US10385413 — SYSTEM AND METHOD FOR QUENCHING CASTINGS — Consolidated Engineering Company, Inc. (USA) — A quench system includes an enclosure defining a quench chamber sized to receive hot castings, and bulk air fans in fluid communication with the quench chamber and configured to establish a bulk flow of cooling air that surrounds and extracts heat from the hot castings at a first cooling rate. The quench system also includes a pressurized cooling system in fluid communication with a plurality of nozzles within the quench chamber and configured to spray a plurality of a directed flows of cooling fluid onto the hot castings to extract heat at a second cooling rate. The quench system further includes a programmable controller configured to sequentially activate the bulk air fans to cool the casting at the first cooling rate for a first predetermined period of time, and then activate the pressurized cooling system to cool the casting at the second cooling rate for a second predetermined period of time.
US10384252 — WARM FORMING OF WORK-HARDENED SHEET ALLOYS — GM Global Technology Operations LLC (USA) — Methods suitable for forming complex parts from work-hardened sheet materials of limited formability are described. The formability of the work-hardened sheet is enhanced by forming at elevated temperature. The forming temperature is preferably selected to minimally undo the effects of work hardening so that the formed part is of higher strength than a like part formed from an annealed sheet. The method is applicable to age-hardening and non-age-hardening aluminum and magnesium alloys.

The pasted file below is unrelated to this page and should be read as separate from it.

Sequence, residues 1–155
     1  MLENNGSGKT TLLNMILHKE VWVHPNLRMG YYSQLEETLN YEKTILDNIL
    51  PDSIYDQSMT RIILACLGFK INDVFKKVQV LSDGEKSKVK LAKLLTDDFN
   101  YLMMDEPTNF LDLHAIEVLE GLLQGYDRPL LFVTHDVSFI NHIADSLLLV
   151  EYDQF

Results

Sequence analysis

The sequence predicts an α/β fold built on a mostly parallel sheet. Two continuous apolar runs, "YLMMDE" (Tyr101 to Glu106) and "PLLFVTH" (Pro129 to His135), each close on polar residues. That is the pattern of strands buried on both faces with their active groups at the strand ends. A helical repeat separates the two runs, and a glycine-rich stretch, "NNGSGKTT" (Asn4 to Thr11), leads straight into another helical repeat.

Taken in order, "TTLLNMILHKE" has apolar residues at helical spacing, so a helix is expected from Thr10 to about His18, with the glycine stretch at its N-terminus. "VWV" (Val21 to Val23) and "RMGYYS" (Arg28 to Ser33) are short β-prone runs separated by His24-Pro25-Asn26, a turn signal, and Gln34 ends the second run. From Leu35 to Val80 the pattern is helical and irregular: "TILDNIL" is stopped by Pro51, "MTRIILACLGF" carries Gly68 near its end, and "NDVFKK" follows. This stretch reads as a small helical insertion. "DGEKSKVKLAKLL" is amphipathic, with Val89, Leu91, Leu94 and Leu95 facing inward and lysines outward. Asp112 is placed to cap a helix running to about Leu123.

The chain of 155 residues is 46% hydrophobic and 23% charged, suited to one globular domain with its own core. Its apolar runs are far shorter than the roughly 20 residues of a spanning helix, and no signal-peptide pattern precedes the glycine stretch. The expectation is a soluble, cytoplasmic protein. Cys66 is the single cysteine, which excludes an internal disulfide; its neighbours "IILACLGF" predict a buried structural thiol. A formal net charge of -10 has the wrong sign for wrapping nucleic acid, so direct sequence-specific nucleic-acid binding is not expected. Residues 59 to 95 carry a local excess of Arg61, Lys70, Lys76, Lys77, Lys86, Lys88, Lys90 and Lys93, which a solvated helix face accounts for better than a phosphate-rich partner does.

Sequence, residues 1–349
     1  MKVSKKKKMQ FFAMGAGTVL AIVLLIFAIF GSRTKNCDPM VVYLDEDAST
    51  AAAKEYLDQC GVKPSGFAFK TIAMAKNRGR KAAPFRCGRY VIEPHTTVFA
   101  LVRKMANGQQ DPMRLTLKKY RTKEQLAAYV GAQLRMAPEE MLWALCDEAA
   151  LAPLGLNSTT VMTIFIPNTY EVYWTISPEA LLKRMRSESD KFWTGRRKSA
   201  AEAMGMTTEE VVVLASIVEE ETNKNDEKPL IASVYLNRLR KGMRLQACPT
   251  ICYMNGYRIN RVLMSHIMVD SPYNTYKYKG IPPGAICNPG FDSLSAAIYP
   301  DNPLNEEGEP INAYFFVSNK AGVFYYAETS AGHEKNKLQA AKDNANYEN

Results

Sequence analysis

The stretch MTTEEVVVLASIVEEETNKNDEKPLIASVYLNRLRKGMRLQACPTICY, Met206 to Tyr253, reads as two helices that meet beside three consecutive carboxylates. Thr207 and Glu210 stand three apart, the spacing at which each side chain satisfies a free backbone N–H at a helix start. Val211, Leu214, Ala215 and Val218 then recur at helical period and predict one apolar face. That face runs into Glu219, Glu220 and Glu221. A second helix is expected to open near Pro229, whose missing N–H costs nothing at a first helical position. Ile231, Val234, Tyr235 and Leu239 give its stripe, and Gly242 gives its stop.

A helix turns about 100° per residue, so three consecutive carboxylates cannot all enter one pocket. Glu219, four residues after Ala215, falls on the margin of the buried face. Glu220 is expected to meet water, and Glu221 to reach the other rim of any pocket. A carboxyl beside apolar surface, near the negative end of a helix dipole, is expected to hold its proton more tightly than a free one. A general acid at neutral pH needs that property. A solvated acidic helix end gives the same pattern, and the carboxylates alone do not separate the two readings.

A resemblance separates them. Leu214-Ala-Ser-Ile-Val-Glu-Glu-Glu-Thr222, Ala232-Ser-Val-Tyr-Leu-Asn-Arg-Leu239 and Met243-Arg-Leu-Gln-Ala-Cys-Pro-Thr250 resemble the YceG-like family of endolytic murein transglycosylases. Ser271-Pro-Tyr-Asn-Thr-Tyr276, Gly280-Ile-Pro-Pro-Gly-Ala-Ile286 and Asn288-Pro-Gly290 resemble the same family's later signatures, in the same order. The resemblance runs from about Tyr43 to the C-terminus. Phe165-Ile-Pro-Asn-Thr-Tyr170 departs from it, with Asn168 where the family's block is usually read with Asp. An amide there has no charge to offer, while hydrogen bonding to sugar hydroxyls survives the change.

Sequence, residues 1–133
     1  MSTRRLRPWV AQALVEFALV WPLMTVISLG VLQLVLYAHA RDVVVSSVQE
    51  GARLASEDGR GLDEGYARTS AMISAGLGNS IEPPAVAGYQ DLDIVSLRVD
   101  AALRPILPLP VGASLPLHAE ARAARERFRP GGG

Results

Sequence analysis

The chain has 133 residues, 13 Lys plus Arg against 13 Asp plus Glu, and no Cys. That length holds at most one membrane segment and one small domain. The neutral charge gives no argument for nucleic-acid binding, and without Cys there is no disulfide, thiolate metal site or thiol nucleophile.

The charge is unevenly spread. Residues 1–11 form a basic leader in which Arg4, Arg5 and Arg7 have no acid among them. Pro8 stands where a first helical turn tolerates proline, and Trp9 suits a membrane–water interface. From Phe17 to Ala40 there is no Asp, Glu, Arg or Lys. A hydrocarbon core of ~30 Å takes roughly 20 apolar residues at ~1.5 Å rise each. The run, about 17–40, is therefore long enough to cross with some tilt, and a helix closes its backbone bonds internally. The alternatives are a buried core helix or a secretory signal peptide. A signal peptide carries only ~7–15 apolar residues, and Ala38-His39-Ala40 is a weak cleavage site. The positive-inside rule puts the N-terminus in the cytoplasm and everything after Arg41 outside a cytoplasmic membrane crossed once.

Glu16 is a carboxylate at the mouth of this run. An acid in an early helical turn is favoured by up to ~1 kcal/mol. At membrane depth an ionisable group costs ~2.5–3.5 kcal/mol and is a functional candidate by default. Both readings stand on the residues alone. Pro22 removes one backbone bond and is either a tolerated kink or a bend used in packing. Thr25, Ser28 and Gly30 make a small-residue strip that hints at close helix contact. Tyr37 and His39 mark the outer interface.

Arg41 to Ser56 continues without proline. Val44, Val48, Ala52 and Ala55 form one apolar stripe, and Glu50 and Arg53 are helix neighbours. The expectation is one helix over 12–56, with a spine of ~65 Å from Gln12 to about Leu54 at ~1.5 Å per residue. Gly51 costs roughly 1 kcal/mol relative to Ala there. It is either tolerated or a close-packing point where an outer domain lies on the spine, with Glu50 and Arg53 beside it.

US10344364 — PROCESS FOR WARM FORMING A HARDENED ALUMINUM ALLOY — Novelis Inc. (USA) — The manufacturers of aluminum alloy parts are in need of improved warm forming processes for hardened aluminum alloys, such as the alloys in T6 or T61 tempers, to produce the aluminum they use for making parts. Described are processes for shaping a hardened heat treatable, age-hardenable aluminum alloys, such as hardened 2XXX, 6XXX and 7XXX aluminum alloys, or articles made from such alloys, including aluminum alloy sheets. The processes involve heating the article, which may be in a form of a sheet or a blank, before and/or concurrently with a forming step. In some examples, the alloy is heated to a specified temperature in the range of 125-425°C at a specified heating rate within the range of about 3-200°C/s, for example, 3-90°C/s or 90-150°C/s. Such a combination of the temperature and the heating rate can result in an advantageous combination of article properties.